Notes on contributors
in Critical Security in the Asia-Pacific


Edward Aspinall is a Fellow in Indonesian Politics in the Department of Political and Social Change, RSPAS, at the Australian National University. He is the author of Opposing Suharto: Compromise, resistance and regime change in Indonesia (Stanford University Press, 2005) and, with Harold Crouch, co-author of the East West Center Policy Paper, ‘The Peace Process in Aceh: Why it failed’. He is currently working on a book manuscript on the history of the secessionist movement in Aceh.

Mark Beeson is Professor of International Relations at the University of Birmingham. His research interests centre on the political-economy and international relations of the broadly conceived Asia-Pacific region. His most recent publications are Regionalism and Globalization in East Asia: Politics, Security and Economic Development (Palgrave, 2007), and the edited volume, Bush and Asia: America’s Evolving Relations with East Asia (Routledge, 2006).

Alex J. Bellamy is Professor of International Relations at the University of Queensland. He is the author of Kosovo and International Society (Palgrave, 2002), Understanding Peacekeeping, with Paul Williams and Stuart Griffin, (Polity, 2004), and Security Communities and their Neighbours (Palgrave, 2004). He is also editor of International Society and its Critics (Oxford, 2005). He is currently writing a book on Just Wars (Polity) and working on a project on the role of the military in Asia, sponsored by the Australian Research Council.

Roland Bleiker is Professor of International Relations at the University of Queensland. From 1986 to 1988 he was Chief of Office of the Swiss Delegation to the Neutral Nations Supervisory Commission in Panmunjom. He has been a visiting fellow at Yonsei University and a visiting professor at Pusan National University. His most recent book is Divided Korea: Toward a Culture of Reconciliation (University of Minnesota Press, 2005). He is currently conducting research that re-views and re-thinks the emotional dimensions of security threats, such as terrorism and epidemics, through a range of aesthetic sources.

Anthony Burke is Senior Lecturer in International Relations at the University of New South Wales, Sydney. He is the author of Beyond Security, Ethics and Violence: War Against the Other (Routledge 2007) and In Fear of Security: Australia’s Invasion Anxiety (Pluto Australia 2001), as well as numerous journal articles on war and peace, international security, Asian human security, asylum seekers and security theory. He is the publisher and former editor of the journal Borderlands, and is currently working on an Australian Research Council-funded project on the politics and ethics of the use of force.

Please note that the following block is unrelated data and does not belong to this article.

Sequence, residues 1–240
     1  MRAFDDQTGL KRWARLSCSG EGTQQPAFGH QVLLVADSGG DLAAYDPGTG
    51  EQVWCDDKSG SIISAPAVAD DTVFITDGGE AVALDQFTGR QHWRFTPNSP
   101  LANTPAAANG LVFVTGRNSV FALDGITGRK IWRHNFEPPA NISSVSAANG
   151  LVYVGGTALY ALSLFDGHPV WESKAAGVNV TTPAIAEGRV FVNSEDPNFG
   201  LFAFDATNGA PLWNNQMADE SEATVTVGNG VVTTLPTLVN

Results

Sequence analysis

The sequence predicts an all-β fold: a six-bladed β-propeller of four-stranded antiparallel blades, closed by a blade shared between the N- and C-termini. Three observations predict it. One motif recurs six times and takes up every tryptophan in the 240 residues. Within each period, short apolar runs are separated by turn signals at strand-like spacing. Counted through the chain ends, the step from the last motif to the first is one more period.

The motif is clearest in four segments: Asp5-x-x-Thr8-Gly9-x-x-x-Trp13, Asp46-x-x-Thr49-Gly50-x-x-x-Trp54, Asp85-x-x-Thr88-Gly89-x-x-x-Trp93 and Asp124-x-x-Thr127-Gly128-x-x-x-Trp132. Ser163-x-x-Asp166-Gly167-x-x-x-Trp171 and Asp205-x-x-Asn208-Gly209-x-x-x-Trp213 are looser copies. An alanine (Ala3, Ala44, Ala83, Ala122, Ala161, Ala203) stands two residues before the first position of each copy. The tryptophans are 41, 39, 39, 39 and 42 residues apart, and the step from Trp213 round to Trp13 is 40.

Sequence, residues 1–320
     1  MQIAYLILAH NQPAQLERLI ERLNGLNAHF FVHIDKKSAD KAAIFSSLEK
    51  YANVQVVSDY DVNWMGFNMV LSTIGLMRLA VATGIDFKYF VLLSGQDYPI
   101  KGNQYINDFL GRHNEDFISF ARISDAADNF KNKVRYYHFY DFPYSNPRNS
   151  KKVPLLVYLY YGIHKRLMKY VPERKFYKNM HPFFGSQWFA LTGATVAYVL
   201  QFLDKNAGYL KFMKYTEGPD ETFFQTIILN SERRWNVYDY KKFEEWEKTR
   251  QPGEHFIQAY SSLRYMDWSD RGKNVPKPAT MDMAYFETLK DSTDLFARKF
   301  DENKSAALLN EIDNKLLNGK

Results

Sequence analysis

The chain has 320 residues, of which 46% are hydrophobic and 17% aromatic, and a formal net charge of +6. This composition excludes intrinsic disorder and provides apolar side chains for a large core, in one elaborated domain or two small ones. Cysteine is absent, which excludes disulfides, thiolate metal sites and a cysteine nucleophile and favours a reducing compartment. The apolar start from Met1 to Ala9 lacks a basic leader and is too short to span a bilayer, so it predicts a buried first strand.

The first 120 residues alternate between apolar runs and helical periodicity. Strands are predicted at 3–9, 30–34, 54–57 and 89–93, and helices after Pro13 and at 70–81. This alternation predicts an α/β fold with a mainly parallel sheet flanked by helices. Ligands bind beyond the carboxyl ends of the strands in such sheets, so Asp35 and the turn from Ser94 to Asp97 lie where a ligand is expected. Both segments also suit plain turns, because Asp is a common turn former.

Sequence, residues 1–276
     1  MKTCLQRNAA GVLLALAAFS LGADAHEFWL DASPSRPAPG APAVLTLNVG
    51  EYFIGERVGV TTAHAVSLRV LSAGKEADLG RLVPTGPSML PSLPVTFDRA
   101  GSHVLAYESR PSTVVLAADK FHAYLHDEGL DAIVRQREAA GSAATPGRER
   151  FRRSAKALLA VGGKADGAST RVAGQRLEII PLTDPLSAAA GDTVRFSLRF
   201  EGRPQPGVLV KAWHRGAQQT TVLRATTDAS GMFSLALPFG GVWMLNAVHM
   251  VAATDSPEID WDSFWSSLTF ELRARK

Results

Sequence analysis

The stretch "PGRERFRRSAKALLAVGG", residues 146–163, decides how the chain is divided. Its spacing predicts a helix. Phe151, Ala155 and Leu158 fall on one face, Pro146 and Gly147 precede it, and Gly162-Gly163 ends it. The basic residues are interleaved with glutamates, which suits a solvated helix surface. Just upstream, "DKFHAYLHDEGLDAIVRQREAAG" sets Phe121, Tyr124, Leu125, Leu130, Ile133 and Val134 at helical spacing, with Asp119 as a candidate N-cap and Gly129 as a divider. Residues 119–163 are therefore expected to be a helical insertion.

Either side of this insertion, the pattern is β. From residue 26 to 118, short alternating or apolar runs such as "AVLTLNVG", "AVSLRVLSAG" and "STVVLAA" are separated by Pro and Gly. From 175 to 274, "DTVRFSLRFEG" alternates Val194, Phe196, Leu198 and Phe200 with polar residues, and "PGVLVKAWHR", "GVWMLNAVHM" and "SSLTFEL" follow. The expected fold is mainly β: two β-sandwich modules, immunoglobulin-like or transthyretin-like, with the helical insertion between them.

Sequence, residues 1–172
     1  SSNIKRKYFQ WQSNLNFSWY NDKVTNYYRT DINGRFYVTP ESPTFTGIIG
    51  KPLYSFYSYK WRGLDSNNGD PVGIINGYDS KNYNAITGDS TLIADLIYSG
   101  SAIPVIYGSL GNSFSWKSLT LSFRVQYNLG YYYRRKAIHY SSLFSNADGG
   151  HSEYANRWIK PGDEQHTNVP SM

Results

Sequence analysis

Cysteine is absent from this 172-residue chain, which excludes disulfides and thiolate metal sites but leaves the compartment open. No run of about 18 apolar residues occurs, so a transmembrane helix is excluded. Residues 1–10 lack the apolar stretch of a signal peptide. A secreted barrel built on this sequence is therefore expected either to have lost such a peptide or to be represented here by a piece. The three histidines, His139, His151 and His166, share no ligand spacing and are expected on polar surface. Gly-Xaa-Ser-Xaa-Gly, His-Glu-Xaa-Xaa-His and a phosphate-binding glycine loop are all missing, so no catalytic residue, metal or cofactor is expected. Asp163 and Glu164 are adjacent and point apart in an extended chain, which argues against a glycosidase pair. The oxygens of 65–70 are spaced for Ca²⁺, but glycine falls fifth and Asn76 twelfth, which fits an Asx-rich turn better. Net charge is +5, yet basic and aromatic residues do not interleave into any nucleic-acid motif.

Richard Chauvel is Associate Professor and Director of the Australia Asia Pacific Institute at Victoria University. He has teaching and research interests in Indonesian history and politics, Australia-Indonesia relations and Australian foreign policy. He is the author of Nationalists, Soldiers and Separatists: The Ambonese Islands from Colonialism to Revolt (KILTV Press, 1990), and Indonesia: Ending Repression in Irian Jaya (ICG Asia Report, 2001). He is currently writing a history of the West New Guinea Dispute under the Peter Hastings Memorial Fellowship.

Simon Dalby is Professor of Geography and Political Economy at Carleton University in Ottawa. He is author of Creating the Second Cold War (Pinter, 1990) and Environmental Security (University of Minnesota Press, 2002) and co-editor of Rethinking Geopolitics (Routledge, 1998) and The Geopolitics Reader (Routledge, 1998, second edition, 2006).

Sara E. Davies is a lecturer at the School of Justice Studies, Queensland University of Technology. Sara is author of Legitimising Rejection: International Refugee Law in Southeast Asia (Martinus Nijhoff, forthcoming) and has published a number of articles concerning international refugee law and refugee policy in Southeast Asia. She is currently working on a book project titled Global Health Issues with Polity Press, to be completed in 2008.